How do you mention a girlfriend in an obituary?

How do you mention a girlfriend in an obituary?

If the deceased had a significant other who was important in his life, the partner's name may be included on the list of surviving relatives. While the first phrase has always been intended for a spouse, "survived by partner Linda" has also become a suitable approach to honor an unmarried relationship.

In addition, if the deceased person was a widower or divorced, then the word "wife" or "husband" should be used instead. For example, if the deceased person was a husband and the only child of his wife is alive, then an obituary would read: "John Smith died August 15, 2013 at age 70." If the deceased person was a wife and they had no children together, an obituary would read: "Mary Smith (Dumas) passed away July 9, 2013 at age 69."

Finally, if the deceased person was married but had no wife or husband at their side when they died, then an obituary would read: "Arthur Jones died April 3, 2013 at the age of 76."

These are just some of the many ways that people mention each other in their lives, and their deaths. As you can see, there are many different options available for how someone can be mentioned in an obituary. As long as it is done correctly, everyone will understand.

How are unmarried survivors listed in an obituary?

Married survivors are frequently given alongside their spouse's name, such as "survived by son James and his wife, Ann." Unmarried survivors are often stated alone in a list of other family members, such as, as survived by beloved daughter Carol.

Other obituaries feature the deceased's spouse and children from a second marriage, followed by children from a prior marriage and siblings. Sons-in-law and daughters-in-law (and even their parents) may be included in some situations, as may friends.

How do you say "survived" in an obituary?

In the "survived by" section, only surviving relatives are often listed. This paragraph is often followed by a paragraph mentioning individuals who "preceded her in death." This is a memorial to key family members who have passed away. 1398 AP Esfand 19136

She survived her husband and two children.

Her son also survived her. Her daughter did not.

After her husband, she was predeceased by her son, but she was not preceded by anyone in death. This means that there were no other survivors besides her daughter. She died alone.

Her daughter lived in Massachusetts. When my grandmother died, no one expected her to live longer than her mother. Grandmother's diseases had been going around for so long that no one thought she would die first.

But my grandmother didn't survive her husband or her son. She died alone without any close family members present.

Women usually do not like to talk about their deaths. But it is important to let people know how you want to be remembered after you die. So even if you don't want to write an obituary, you should still plan ahead of time and think about how you want to be mentioned after you pass away.

Do you mention ex-spouses in obituaries?

Today's etiquette states unequivocally that it is the discretion of the deceased's remaining family members whether or not to mention the deceased's previous spouse in the obituary. In the absence of obvious discord among the family members, many families choose to err on the side of caution and include the ex as a survivor. However, this is not always possible.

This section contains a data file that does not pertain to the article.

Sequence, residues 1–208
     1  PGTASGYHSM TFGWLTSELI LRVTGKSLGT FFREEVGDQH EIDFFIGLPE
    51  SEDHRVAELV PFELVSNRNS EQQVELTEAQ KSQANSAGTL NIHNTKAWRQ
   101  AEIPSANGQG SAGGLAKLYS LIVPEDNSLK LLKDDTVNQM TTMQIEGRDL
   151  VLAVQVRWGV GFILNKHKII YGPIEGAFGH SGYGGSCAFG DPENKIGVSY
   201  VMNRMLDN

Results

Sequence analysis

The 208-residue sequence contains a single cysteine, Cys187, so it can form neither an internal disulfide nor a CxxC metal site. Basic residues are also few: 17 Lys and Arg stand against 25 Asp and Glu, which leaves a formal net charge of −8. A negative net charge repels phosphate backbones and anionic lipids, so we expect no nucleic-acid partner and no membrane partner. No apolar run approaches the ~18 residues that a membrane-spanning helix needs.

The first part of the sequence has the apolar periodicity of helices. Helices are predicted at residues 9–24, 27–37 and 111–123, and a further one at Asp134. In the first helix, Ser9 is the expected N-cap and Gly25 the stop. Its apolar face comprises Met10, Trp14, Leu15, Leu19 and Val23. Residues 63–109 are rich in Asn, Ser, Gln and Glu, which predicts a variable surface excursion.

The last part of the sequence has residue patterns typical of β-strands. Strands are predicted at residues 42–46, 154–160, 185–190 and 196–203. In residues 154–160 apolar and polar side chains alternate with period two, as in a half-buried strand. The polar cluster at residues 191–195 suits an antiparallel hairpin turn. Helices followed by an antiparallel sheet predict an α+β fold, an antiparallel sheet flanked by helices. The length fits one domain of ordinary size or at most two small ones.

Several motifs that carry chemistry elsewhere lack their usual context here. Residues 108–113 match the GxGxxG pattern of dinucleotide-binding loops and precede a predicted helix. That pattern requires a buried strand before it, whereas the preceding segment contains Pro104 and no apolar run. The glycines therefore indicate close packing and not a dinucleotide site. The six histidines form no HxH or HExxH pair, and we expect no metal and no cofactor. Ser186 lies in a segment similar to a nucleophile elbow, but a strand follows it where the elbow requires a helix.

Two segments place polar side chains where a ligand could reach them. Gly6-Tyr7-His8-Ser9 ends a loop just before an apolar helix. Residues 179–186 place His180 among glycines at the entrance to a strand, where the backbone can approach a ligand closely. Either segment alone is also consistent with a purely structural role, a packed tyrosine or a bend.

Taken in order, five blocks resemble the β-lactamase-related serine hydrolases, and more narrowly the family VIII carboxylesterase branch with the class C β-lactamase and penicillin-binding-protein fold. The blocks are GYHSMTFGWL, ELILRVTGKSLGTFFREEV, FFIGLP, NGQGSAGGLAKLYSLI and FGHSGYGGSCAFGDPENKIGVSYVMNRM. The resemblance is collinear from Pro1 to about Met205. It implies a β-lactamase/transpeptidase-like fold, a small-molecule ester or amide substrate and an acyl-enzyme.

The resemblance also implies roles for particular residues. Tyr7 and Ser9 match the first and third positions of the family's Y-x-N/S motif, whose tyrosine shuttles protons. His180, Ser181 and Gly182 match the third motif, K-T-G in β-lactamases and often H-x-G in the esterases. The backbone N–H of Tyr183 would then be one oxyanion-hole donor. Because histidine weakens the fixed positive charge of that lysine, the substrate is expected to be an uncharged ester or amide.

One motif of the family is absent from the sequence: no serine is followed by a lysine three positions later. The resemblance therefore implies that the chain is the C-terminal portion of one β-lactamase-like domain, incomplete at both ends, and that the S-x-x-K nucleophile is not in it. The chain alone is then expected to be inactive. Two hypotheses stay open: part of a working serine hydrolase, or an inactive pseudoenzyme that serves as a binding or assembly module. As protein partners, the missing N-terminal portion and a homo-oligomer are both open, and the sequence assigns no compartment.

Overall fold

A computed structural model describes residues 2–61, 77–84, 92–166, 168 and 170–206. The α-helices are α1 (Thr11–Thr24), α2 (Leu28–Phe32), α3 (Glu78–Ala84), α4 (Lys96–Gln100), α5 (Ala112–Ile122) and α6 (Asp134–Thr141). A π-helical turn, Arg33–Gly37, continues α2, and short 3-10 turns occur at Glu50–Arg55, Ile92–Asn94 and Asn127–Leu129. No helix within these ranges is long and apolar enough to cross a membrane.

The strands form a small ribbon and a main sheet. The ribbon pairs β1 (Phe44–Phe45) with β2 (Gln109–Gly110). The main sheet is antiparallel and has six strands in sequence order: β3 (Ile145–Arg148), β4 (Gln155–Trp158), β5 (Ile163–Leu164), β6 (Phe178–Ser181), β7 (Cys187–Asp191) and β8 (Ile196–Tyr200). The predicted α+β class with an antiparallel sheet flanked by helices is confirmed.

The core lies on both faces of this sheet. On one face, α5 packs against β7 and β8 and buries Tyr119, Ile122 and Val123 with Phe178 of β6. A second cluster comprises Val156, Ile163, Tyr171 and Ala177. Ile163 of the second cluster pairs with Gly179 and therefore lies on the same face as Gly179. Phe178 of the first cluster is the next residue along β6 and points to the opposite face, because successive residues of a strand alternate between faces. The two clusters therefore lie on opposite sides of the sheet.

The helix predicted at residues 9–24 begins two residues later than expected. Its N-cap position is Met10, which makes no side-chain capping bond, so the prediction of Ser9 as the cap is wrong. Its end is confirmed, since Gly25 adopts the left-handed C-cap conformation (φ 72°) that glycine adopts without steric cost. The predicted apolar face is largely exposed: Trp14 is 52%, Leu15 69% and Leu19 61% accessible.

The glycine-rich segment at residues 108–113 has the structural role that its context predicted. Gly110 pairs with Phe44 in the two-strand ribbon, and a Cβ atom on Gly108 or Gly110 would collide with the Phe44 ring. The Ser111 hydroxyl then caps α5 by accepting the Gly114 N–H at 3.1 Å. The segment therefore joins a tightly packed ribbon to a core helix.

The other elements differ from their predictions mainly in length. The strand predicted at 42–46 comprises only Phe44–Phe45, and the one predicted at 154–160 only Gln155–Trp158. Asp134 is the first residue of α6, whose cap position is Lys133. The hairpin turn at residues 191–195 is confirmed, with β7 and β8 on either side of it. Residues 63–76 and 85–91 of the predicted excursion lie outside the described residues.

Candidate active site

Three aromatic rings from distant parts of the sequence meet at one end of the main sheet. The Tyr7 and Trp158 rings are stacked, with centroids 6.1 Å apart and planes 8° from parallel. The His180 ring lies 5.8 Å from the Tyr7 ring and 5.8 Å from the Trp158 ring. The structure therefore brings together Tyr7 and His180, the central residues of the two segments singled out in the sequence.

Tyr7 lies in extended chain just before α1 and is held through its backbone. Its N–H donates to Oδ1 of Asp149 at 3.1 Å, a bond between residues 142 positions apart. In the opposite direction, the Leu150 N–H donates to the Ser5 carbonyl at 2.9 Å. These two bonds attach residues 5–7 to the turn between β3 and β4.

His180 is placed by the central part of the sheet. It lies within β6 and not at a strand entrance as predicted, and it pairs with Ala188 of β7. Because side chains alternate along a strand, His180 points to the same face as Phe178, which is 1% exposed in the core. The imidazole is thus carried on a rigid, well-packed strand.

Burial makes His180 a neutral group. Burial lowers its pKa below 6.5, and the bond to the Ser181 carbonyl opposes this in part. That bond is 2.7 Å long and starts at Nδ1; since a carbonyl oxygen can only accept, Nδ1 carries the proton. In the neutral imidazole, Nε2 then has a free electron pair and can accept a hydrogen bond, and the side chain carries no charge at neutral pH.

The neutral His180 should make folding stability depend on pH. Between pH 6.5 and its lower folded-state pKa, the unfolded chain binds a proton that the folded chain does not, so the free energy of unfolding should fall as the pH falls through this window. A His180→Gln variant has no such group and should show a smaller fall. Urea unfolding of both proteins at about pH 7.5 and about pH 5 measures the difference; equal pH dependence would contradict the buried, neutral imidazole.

The only time it is required by law to list an ex-spouse as a survivor is if she/he files for legal separation from the decedent. If this occurs, then the former spouse is listed as a survivor on all official documents related to the death (the death certificate and other necessary paperwork).

In addition to state law requirements, some newspapers have their own policies regarding obituaries. If a newspaper decides not to print an ex's name in an obituary, then they are not considered survivors of the deceased. However, this does not mean that they are excluded from receiving important information after the obit has been published. Families often send letters to inform friends and relatives about funerals, memorial services, etc. for those who did not receive any such communication initially.

Finally, it is important to note that although most families include an ex-spouse in an obituary, this does not necessarily mean that the relationship is amicable. Sometimes these decisions are made without knowing the full story behind the split.

Does one include the ex-spouse in an obituary?

Today's etiquette states unequivocally that it is the discretion of the deceased's remaining family members whether or not to mention the deceased's previous spouse in the obituary. In the absence of clear discord among the family members, many families prefer to err on the side of caution and include the ex as a survivor.

He is survived by their daughter (name) and four grandkids. Other obituaries feature the deceased's spouse and children from a second marriage, followed by children from a prior marriage and siblings. Sons-in-law and daughters-in-law (and even their parents) may be included in some situations, as may friends.

About Article Author

Thomas Worsham

Thomas Worsham is a dating coach and relationship expert, who has been coaching since 2005. His expertise can help you to find more dates, improve your communication skills, and learn the secrets of successful relationships.

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